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Shanghai develops in-town check-in concept for its busy container port

Shanghai port is launching on July 1 a de-facto in-town check-in service for containers bound for its offshore Yangshan deepwater terminals. 

Shanghai International Port Group (SIPG) has signed with members of THE Alliance to use a new off-port container depot located on the mainland 32.5 km away from Yangshan. Containers can be dropped at the yard rather than taking them along the often congested East Sea bridge to the port. SIPG will then handle the boxes, ensuring they get to their vessel in time. 

The new facility based at the Luchao railway container centre, which SIPG is classing as an inland container depot (ICD), will be free for ONE members for the first few months and will help alleviate yard space concerns at Yangshan.  An even larger off-port yard facility will be constructed in Shanghai soon. 

Commenting on the port news, Simon Young, a 33-year veteran at Cosco, compared the new infrastructure at Shanghai, the world’s busiest container port, to Hong Kong’s in-town check-in for luggage and passengers heading to the city’s airport, located some 23 km from the downtown area of the former British colony.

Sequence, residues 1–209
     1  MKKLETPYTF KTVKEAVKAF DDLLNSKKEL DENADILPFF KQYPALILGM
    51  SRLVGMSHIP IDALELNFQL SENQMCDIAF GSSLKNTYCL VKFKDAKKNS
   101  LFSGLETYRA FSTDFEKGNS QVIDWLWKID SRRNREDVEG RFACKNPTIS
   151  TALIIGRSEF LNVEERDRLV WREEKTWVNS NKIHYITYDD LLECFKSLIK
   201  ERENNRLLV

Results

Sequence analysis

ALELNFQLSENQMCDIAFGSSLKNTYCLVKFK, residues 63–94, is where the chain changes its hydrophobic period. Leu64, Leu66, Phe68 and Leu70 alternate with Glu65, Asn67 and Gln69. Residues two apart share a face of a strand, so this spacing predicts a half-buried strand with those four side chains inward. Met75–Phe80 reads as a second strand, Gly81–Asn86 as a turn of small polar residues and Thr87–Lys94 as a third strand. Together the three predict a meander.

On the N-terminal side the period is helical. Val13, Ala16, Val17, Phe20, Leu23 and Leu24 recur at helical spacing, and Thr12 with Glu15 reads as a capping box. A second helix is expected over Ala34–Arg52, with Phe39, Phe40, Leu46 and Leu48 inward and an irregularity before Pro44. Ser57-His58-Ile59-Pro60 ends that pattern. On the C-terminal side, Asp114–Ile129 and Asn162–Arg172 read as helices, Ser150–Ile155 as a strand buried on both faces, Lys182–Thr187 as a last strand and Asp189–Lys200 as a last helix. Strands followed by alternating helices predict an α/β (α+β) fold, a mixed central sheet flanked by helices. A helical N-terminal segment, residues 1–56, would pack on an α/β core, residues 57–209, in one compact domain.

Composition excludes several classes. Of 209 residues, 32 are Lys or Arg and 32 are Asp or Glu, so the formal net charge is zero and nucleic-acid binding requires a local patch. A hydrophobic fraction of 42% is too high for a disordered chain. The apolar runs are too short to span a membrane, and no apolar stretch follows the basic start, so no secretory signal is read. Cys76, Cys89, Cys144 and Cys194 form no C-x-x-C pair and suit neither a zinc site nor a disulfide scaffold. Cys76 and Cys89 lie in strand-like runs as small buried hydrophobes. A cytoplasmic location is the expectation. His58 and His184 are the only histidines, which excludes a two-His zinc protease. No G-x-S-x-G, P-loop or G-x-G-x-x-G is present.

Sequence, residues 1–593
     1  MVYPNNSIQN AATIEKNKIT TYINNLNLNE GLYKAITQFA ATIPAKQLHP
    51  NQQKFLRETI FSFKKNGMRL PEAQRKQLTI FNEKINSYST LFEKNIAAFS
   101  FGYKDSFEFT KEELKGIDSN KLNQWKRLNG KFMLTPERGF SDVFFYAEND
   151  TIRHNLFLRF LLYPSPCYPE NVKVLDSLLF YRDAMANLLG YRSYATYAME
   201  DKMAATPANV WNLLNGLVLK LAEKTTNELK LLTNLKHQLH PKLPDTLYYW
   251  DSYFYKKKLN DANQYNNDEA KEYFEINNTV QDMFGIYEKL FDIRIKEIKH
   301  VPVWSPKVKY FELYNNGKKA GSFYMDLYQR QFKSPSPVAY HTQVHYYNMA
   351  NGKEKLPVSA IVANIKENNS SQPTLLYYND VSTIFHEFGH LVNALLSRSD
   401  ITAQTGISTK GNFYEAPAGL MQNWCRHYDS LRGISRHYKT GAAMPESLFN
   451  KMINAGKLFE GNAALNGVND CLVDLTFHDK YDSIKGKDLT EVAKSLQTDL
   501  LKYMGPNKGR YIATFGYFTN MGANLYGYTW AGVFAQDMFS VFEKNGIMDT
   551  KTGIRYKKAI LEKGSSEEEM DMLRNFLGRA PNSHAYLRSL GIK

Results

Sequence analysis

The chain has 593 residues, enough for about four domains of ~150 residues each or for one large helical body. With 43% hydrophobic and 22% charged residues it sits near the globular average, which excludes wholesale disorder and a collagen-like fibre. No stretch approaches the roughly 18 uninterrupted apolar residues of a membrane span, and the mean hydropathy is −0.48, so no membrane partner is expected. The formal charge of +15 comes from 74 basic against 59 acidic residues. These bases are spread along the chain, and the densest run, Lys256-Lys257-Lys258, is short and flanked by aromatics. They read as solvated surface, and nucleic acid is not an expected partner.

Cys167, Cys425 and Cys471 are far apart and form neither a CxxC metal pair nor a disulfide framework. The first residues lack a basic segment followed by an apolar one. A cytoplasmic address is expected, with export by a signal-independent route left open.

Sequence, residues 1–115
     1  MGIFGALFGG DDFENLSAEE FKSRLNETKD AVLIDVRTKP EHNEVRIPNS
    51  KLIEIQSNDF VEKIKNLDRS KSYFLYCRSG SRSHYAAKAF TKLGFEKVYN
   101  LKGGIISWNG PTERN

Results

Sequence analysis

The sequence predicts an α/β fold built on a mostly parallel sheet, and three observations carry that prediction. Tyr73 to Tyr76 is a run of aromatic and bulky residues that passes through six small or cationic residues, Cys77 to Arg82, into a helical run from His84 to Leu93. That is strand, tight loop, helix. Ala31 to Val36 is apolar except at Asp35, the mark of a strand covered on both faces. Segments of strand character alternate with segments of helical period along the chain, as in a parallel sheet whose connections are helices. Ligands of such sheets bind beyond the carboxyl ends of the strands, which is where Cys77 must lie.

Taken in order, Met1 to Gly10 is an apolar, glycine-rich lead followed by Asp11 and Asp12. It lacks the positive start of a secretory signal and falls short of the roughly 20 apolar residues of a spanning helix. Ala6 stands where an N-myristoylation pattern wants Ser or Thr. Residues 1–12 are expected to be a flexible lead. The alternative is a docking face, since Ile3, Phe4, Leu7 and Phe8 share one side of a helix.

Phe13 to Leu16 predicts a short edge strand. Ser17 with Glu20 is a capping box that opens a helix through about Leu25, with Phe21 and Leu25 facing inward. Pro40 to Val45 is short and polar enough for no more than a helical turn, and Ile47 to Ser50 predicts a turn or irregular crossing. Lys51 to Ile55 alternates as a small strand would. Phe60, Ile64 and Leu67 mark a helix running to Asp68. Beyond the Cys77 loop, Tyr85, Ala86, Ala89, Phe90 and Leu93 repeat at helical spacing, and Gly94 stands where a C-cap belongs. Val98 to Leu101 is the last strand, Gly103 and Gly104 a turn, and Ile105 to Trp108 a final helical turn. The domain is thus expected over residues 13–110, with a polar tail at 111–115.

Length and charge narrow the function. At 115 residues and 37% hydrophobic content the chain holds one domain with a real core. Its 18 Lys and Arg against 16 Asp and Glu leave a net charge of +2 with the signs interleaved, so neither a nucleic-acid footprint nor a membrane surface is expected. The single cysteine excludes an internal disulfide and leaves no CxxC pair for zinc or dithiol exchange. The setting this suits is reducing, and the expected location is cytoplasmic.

Sam Chambers

Starting out with the Informa Group in 2000 in Hong Kong, Sam Chambers became editor of Maritime Asia magazine as well as East Asia Editor for the world’s oldest newspaper, Lloyd’s List. In 2005 he pursued a freelance career and wrote for a variety of titles including taking on the role of Asia Editor at Seatrade magazine and China correspondent for Supply Chain Asia. His work has also appeared in The Economist, The New York Times, The Sunday Times and The International Herald Tribune.

Comments

  1. This model could be used elsewhere to relieve port/quay congestion. It seems to have taken a surprising amount of time for this model to find application. Something similar similar in HK could be very helpful. As well as reducing emissions and congestion it would break the excessive dependency on liquid hydrocarbon fuels. Potentially this sort of model would add capacity to the terminals without recourse to major infrastructure building and quay lengthening.

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